So, about those shipwrecks! One of them, the Whydah, wrecked in a storm off the shore of Wellfleet on April 26, 1717 and is really something special. Why? It's the only authenticated pirate ship in the world and it holds a literal and metaphoric ton of treasure at the bottom of the ocean. The Whydah was discovered by underwater explorer Barry Clifford in 1984. Recovered treasure from the Whydah includes countless gold coins, weaponry, jewelry, apparel and even a leg bone! Its captain, "Black Sam" Bellamy (because he wore his black hair in a ponytail rather than donning a powdered wig), was an Englishman who was the top-earning pirate in history. Bellamy captured at least 53 ships in his brief stint as a pirate captain before he perished in the Whydah wreck at the age of 28. 53 ships is a lot of treasure! You can see it at Cape Cod's fascinating Whydah Museum - a quick 15 minutes from SEAS THE DAY!
In the early 1600s, the Native American Wampanoag Nation spanned the geography from Provincetown at the tip of Cape Cod to Narragansett, Rhode Island. These native peoples had an incredibly vibrant culture which lives to this day. The Mashpee Wampanoags on Cape Cod hold an annual powwow to which all are invited. The event showcases the artistry and history of these first inhabitants of Cape Cod and offers an incredible glimpse into Native American traditions.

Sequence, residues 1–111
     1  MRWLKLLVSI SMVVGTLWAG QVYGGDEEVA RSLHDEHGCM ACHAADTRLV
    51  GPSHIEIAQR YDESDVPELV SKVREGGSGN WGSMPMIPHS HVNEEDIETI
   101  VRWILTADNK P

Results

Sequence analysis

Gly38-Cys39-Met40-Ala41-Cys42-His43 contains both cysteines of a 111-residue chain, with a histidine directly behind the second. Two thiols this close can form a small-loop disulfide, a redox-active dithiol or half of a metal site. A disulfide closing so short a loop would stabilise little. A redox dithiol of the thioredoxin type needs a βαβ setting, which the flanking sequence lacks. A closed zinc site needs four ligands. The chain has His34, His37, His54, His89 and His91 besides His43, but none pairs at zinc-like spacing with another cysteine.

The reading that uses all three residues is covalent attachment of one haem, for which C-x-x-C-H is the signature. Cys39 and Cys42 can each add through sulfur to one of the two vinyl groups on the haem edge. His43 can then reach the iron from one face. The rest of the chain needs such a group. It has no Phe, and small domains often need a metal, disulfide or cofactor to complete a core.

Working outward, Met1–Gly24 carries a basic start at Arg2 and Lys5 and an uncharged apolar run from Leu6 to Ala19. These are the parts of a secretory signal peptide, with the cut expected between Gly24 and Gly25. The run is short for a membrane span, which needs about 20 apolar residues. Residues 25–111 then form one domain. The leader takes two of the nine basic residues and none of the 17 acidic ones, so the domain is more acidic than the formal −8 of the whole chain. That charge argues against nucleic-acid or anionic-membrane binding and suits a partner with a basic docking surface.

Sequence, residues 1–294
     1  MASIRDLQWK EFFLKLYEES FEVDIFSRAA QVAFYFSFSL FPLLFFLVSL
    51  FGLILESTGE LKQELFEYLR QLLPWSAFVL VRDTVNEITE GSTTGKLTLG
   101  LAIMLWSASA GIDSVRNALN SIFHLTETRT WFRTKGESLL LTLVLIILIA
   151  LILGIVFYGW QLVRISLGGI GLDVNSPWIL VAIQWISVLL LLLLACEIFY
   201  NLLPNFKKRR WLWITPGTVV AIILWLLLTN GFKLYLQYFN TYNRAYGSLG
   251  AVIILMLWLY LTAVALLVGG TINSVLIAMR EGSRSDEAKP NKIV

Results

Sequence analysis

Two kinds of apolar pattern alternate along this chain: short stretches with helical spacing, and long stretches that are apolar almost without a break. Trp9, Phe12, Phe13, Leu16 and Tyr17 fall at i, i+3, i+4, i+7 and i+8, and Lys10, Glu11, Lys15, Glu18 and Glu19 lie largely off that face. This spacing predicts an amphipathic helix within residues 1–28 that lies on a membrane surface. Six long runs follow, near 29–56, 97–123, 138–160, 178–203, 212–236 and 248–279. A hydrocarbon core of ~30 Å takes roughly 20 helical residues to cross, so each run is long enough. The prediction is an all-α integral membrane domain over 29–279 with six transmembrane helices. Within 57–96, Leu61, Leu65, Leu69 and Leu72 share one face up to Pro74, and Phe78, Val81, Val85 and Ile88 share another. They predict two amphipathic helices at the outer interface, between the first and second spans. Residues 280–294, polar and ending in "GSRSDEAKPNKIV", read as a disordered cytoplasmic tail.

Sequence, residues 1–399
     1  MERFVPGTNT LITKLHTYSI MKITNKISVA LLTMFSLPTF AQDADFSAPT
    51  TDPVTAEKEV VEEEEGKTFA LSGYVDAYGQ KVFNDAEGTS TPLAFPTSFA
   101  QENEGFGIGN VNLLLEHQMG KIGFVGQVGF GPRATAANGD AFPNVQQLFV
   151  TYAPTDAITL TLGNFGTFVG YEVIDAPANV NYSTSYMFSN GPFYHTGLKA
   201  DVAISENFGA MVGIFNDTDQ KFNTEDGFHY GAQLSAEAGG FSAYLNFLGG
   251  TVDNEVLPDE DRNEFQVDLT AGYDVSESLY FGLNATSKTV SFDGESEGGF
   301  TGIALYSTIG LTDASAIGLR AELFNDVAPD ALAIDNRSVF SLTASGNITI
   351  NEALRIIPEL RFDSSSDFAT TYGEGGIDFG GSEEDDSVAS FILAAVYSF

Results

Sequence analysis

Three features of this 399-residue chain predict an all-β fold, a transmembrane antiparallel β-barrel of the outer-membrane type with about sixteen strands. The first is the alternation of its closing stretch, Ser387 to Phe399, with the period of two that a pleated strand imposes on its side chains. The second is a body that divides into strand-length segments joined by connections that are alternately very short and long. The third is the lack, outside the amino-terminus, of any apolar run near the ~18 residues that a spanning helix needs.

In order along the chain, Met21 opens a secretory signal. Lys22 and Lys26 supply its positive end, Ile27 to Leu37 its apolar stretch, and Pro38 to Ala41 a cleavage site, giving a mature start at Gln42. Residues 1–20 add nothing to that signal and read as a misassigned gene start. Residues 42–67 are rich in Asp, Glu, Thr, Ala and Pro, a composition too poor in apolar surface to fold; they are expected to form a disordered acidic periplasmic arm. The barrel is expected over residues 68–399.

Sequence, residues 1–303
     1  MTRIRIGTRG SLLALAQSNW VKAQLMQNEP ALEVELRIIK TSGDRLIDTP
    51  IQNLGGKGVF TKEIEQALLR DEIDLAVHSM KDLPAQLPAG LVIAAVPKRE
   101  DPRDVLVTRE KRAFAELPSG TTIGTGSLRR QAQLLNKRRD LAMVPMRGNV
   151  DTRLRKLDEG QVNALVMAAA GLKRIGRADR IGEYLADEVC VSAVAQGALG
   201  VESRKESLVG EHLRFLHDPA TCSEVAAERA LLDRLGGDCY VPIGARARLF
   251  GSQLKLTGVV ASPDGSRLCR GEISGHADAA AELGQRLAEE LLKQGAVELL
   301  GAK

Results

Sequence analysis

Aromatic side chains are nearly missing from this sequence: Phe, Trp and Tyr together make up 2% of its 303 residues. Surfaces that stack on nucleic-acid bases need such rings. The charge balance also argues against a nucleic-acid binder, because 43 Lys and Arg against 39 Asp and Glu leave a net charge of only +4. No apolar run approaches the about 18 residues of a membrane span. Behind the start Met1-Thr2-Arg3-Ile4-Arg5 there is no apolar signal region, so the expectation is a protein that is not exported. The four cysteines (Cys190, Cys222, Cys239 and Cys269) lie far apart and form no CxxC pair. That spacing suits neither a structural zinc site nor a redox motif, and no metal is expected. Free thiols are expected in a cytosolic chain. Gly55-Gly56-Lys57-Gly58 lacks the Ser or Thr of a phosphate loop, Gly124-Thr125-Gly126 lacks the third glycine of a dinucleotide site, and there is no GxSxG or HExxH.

Come experience this fascinating history for yourself on Cape Cod!
In November 2015, Expedia agreed to buy HomeAway and its subsidiaries which include VRBO, vacationrentals.com and a long list of others. (These companies are referred to as OTAs - Online Travel Agencies.) Expedia paid $3.9 BILLION for the sale of HomeAway. This might not have been interesting news around your dinner table, but it has reshaped what it looks like for travelers to rent a vacation home.
How? Expedia is a public company. That means they have one primary goal - to raise the price of their stock for shareholders. They do that by generating more revenue and profit. In a market where they do not own the product they sell - their product, vacation homes, are owned by the homeowners - there is only one easy way to generate more revenue and profit. FEES.
In the pre-Expedia days, vacationers would find a home to rent on an OTA site, contact the homeowner through that site, and make their reservation. Money exchanged hands directly between the guest and the homeowner through personal check or credit card. The homeowner was able to email and talk with the guest to answer questions, help with vacation itineraries, and generally provide personalized customer service. The OTA made their money through subscriptions homeowners bought each year (typically $400 to thousands, depending on type) in order to be listed on the site.
Vacationers were happy. Homeowners were happy. Wonderful vacations in wonderful homes were enjoyed.